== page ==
The creditor sends you a form 1099-C reflecting the forgiven amount, and from there, it is supposed to go right on your return.

The Mortgage Debt Relief Act of 2007 generally allowed taxpayers to exclude income from the discharge of debt on their principal residence, but only applied to debt forgiven in calendar years 2007 through 2014.  That is no longer available.

The insolvency exception….

There is an important exception to this unsavory rule.  If one is “insolvent” then the cancelled debt is not included in income.  That is huge.

How do you know if you are “insolvent”?  Simple.  You are insolvent when your total debts exceed the total fair market value of all of your assets.  Assets include everything you own, e.g., your car, house, condominium, furniture, life insurance policies, stocks, other investments, or your pension and other retirement accounts.

The liability section is calculated immediately before the forgiveness, so it includes the forgiven debt itself, and any other debts you owe.

Remember the old formula: Assets-Liabilities=Net Worth.

If that number results in a negative number, voila! You are insolvent.  This information is provided to the IRS on Form 982, which is attached to your federal income tax return.  Publication 4681 has a worksheet to help you figure if you are insolvent.

What if you got a 1099-C for 2014, did not know about the insolvency exception, and you already filed? You can file an amended return.  If you timely filed your tax return, you can still make the election to exclude the “cancellation of debt income” by filing an amended return within 6 months of the due date of the return (excluding extensions). Write “Filed pursuant to section 301.9100-2” on the amended return and file it at the same place you filed the original return. Of course, this will likely also require you to file an amended state tax return…in this case, a very good deal.

Along my professional career, I have been asked many times to provide “a general idea” of the tax consequences of a particular problem. I always decline.

Usually, the request also comes with a statement that is usually couched in these, or similar terms:  “it will only take you a few minutes”.

Let’s talk about the issues this raises, and why, in the almost twenty years I have been licensed to practice law, I have yet to opine verbally on a tax matter.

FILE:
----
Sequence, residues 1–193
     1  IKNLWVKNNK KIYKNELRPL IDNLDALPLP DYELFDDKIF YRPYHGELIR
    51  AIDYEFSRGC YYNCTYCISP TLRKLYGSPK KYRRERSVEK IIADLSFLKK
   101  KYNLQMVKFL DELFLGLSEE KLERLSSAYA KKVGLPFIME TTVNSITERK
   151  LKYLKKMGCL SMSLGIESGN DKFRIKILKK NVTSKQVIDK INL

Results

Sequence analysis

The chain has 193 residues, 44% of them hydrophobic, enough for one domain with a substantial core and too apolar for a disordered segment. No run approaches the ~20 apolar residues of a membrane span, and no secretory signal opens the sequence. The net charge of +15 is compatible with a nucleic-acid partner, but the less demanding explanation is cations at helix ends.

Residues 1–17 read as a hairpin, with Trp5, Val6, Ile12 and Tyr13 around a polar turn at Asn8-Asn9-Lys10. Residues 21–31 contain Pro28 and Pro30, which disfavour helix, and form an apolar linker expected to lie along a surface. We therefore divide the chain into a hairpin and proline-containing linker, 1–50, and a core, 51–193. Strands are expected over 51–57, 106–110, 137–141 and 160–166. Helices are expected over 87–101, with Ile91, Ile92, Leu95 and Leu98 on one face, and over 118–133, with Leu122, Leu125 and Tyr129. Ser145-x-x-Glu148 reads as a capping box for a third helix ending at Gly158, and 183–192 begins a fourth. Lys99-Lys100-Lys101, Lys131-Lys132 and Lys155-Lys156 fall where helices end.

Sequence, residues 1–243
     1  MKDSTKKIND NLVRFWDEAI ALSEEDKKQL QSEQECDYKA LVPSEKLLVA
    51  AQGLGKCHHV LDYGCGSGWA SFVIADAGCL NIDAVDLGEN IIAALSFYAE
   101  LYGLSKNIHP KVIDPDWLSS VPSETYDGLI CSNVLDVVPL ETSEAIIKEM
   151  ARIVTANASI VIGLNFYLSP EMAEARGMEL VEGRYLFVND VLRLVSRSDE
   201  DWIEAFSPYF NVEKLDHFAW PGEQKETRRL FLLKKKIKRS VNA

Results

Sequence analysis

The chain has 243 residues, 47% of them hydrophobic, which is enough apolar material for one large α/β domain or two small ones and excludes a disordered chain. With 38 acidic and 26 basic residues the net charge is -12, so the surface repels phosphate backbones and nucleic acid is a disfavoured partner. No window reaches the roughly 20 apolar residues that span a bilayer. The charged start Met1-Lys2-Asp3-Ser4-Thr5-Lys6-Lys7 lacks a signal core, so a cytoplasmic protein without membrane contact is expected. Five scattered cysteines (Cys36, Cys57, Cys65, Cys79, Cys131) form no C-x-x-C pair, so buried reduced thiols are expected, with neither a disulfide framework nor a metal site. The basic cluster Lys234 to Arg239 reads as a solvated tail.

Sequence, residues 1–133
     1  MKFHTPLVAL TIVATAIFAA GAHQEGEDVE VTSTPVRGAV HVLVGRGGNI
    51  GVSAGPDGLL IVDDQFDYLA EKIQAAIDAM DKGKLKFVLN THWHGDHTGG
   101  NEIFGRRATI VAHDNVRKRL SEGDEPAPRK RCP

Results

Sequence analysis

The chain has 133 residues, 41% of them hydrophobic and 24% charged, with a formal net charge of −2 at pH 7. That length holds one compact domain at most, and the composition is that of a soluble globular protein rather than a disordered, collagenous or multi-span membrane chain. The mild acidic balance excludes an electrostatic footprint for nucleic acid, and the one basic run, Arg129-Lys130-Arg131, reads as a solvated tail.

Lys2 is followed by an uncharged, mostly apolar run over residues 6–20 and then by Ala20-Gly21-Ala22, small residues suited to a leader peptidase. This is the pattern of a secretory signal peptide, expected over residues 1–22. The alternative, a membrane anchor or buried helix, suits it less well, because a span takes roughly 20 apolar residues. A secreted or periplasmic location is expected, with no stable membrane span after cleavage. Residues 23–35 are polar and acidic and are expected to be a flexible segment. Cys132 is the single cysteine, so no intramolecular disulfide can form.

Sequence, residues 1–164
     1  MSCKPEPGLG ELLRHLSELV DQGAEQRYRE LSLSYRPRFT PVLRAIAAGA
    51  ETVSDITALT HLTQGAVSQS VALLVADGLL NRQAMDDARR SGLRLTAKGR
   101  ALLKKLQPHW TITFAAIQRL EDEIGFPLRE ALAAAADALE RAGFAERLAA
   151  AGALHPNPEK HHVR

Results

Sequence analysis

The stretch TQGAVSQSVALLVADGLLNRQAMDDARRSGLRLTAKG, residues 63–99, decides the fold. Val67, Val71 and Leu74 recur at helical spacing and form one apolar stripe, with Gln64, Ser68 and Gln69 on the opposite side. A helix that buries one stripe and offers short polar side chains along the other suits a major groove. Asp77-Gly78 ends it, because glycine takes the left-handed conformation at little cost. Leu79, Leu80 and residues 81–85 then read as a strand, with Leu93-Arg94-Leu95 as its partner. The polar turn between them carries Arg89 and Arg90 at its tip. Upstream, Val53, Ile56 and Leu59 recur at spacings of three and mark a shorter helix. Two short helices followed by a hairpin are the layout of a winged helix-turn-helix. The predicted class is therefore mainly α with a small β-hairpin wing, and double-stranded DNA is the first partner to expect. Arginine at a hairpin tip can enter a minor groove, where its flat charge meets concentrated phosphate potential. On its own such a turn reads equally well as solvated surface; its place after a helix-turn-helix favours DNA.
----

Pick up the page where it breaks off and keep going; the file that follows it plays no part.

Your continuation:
When it comes to transactions, most people come to tax attorneys because they are facing a choice in courses of action.  In their gut, they know that whatever choice they make may have a tax consequence.  What will that be?  The outcome is usually very important, for large amounts of money, tax penalties, and interest may be at stake.  Sometimes, it’s a person’s liberty that may hang in the balance.

Persons who are unfamiliar with the complexities and intricacies of the law of taxation lamentably assume that a “general answer” will suffice.  As many of my colleagues will attest, there are rules, but then there can be exceptions to the exceptions to the exceptions. Oftentimes, the “general answer” will be wrong for the facts, and relying on the “general answer” will likely lead to a bad outcome.

From the outset, there are challenges unique to tax law.  Defining the facts on which a tax opinion will be based on, is a skill in itself.  In taxation, all relevant facts must be explored and developed.  Sometimes, a particular fact is simply not known or cannot be ascertained.  If it is relevant, it must still be accounted for.  Clients may not fully be aware that a particular fact is very relevant to their matter!

Tax opinions begin with a complete recitation of all the relevant facts on which the opinion is based.  Good opinions also warn that any deviation in the facts may render the opinion invalid.  The task of collecting all the pertinent facts therefore resides in the hands of the attorney drafting the opinion.

Then there’s the issue of finding the applicable law and applying it to the facts.  There’s the Internal Revenue Code, all its regulations, Revenue Rulings, Private letter Rulings, Chief Counsel Memoranda, Revenue Procedures, instructions on tax forms, cases from the U.S. Tax Court, every single federal district court in the United States (94 of them), the Court of Claims, the 12 Courts of Appeal for the Circuits, and the U.S. Supreme Court.  There’s also tax treaties that may come into play.  And it is seldom I see a tax problem that also does not have a state and local angle.  Repeat for each of the states, and some local jurisdictions too.  To make it even more exciting, tax law changes constantly.  Tax attorneys and others in the industry must spend inordinate amounts of time just to stay on top of the latest ruling, court case, or development.  That takes time, effort and energy.  Some clients may not know about or wish to begin to understand.

Some problems are income tax cases.  Some involve estate, gift, generation skipping transfer, franchise, net worth, excise, employment taxes, real and personal property taxation….some involve multiple states, several countries…it can get hairy quickly.

And it should of course, only take “a few minutes”.  It really does not.  While some really wish for free advice and do not want to pay a fee, others just may not fully appreciate the enormity of the training, education and experience needed to get these things right.

If the opinion is not right, the client will come knocking, lawsuit in hand, because the client relied to his or her detriment in what he or she were told.  That’s why written opinions provide the clearest assurance to both client and attorney.

You wish for solid tax advice? Retain one of us.  You want general advice? Buy a book.